Published Date: Apr 5, 2014
Muneeza Hashmi’s book ‘Who Am I?’ launched
Sustainable Development Policy Institute (SDPI) launched Moneeza Hashmi’s book entitled "Who am I?", here on Friday. The book is launched under SDPI series ‘Inspiring Change: Woman of Substance Series’, aimed at bringing the achievements of women to limelight and those who contributed positively to the society.
The leading Pakistani woman and renowned media practitioner Muneeza Hashmi said during the launching cermony that women’s struggle often remains ignored in Pakistan and needs to be given more attention.
The book documents Muneeza’s interviews with some of the most inspiring women in Pakistan’s history. Muneeza spoke candidly about her past and the pressure of being the daughter of one of the most celebrated literary figures in Pakistan, Faiz Ahmed Faiz.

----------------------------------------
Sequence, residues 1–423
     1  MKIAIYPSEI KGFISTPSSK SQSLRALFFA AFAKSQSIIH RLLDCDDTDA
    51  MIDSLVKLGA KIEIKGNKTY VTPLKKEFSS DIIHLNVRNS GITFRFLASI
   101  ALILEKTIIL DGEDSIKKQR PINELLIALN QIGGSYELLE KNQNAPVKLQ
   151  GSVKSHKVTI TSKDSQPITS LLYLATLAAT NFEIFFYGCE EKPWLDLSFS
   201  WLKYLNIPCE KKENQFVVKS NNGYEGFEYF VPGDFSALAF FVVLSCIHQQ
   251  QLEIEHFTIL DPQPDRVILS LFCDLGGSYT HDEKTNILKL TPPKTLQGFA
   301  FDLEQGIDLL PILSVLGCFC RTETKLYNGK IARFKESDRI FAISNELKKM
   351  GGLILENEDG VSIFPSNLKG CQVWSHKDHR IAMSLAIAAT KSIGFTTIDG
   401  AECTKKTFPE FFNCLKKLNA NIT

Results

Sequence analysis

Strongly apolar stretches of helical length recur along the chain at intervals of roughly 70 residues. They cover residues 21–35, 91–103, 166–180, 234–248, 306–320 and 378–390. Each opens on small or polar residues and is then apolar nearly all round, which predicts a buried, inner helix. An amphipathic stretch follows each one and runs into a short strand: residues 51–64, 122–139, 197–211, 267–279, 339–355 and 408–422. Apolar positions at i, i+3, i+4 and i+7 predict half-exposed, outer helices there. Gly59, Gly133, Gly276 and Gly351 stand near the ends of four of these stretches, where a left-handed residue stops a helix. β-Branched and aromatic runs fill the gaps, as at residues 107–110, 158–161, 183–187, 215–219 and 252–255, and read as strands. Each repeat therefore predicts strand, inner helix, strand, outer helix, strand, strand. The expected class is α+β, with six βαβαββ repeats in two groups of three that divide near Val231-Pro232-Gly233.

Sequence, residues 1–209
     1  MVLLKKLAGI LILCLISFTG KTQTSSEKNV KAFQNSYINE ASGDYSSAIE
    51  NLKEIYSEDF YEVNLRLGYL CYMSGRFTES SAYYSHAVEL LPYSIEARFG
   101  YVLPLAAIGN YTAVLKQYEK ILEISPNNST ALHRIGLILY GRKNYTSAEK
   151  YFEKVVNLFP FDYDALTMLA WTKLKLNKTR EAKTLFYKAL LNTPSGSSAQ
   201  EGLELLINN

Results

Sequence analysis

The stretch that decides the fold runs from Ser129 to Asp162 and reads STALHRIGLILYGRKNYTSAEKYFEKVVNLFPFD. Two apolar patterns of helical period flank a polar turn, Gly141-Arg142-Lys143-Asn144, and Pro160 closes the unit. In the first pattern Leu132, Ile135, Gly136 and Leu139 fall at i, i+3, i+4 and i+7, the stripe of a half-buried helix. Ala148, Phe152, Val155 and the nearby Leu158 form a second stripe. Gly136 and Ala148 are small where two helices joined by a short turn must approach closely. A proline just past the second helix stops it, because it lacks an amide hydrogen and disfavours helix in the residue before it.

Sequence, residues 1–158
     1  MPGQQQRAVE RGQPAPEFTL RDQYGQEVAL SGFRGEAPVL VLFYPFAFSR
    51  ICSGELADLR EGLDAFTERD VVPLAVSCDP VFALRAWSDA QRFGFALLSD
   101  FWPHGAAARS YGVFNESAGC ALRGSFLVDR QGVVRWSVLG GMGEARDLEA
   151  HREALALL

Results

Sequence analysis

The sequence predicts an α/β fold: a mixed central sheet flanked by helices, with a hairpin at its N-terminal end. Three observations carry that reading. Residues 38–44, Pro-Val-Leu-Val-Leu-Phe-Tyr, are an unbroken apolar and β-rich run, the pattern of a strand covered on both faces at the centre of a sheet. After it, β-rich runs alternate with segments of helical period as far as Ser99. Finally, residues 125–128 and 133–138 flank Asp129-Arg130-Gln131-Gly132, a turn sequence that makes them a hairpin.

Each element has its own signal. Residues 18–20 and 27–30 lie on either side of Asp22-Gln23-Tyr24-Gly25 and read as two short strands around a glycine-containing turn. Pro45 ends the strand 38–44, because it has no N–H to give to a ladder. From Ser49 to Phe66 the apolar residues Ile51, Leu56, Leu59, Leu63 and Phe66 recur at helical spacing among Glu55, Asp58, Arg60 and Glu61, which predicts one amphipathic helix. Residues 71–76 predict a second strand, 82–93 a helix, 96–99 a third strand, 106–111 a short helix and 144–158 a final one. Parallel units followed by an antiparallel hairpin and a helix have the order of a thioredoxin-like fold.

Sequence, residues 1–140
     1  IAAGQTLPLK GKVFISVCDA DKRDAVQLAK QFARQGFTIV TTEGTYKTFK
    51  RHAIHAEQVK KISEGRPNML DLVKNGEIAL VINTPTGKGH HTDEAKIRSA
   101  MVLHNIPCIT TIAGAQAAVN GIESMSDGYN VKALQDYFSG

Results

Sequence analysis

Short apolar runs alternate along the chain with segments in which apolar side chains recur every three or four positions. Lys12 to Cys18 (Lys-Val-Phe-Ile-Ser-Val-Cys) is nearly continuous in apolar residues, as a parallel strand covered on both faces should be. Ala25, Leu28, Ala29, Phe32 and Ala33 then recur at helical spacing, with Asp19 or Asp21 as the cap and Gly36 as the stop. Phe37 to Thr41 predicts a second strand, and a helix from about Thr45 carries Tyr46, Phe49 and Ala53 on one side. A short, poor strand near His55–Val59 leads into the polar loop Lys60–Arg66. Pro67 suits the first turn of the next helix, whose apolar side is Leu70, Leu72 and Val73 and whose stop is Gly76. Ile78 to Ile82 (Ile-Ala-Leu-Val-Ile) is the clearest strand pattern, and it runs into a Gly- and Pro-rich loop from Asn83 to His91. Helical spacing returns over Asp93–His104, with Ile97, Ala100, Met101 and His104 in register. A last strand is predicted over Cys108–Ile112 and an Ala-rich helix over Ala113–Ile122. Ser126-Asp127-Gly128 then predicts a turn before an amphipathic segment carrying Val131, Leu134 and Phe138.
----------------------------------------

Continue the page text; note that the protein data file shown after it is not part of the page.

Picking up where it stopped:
She said that while her father has been the subject of much attention, her mother acted as the ‘roof and support’ to keep the family together. She highlighted the bonding that the institution of family generates in the Pakistani society, which is much more than the ‘standards of living’ in the Western world.
She appreciated the tremendous support she had from her family throughout her life. In the depiction of women in Pakistani media, she said that violence against women has become a tool for selling commercial dramas, while the real issues faced by women are rarely brought forth. "There is little ownership to document women’s struggle in Pakistan", she said.
Reflecting on her book, Muneeza said that the title depicts the "wrenching cry of a woman who is trying to find herself. They all are women who are trying to discover themselves". Those who were present at the occasion: Khawar Mumtaz, Chairperson of the National Commission on Status of Women (NCSW), Prof. Iftikhar-un-nisa Hasan, former Pro-VC of the Fatima Jinnah Women’s University, renowned Pakistani director Agha Nasir, Nisar Memon, Marvi Memon and Dr. Najma Najum.
They applauded the book, stressing that women’s struggle is often neglected in Pakistan and needs to be brought forward in mainstream discourse.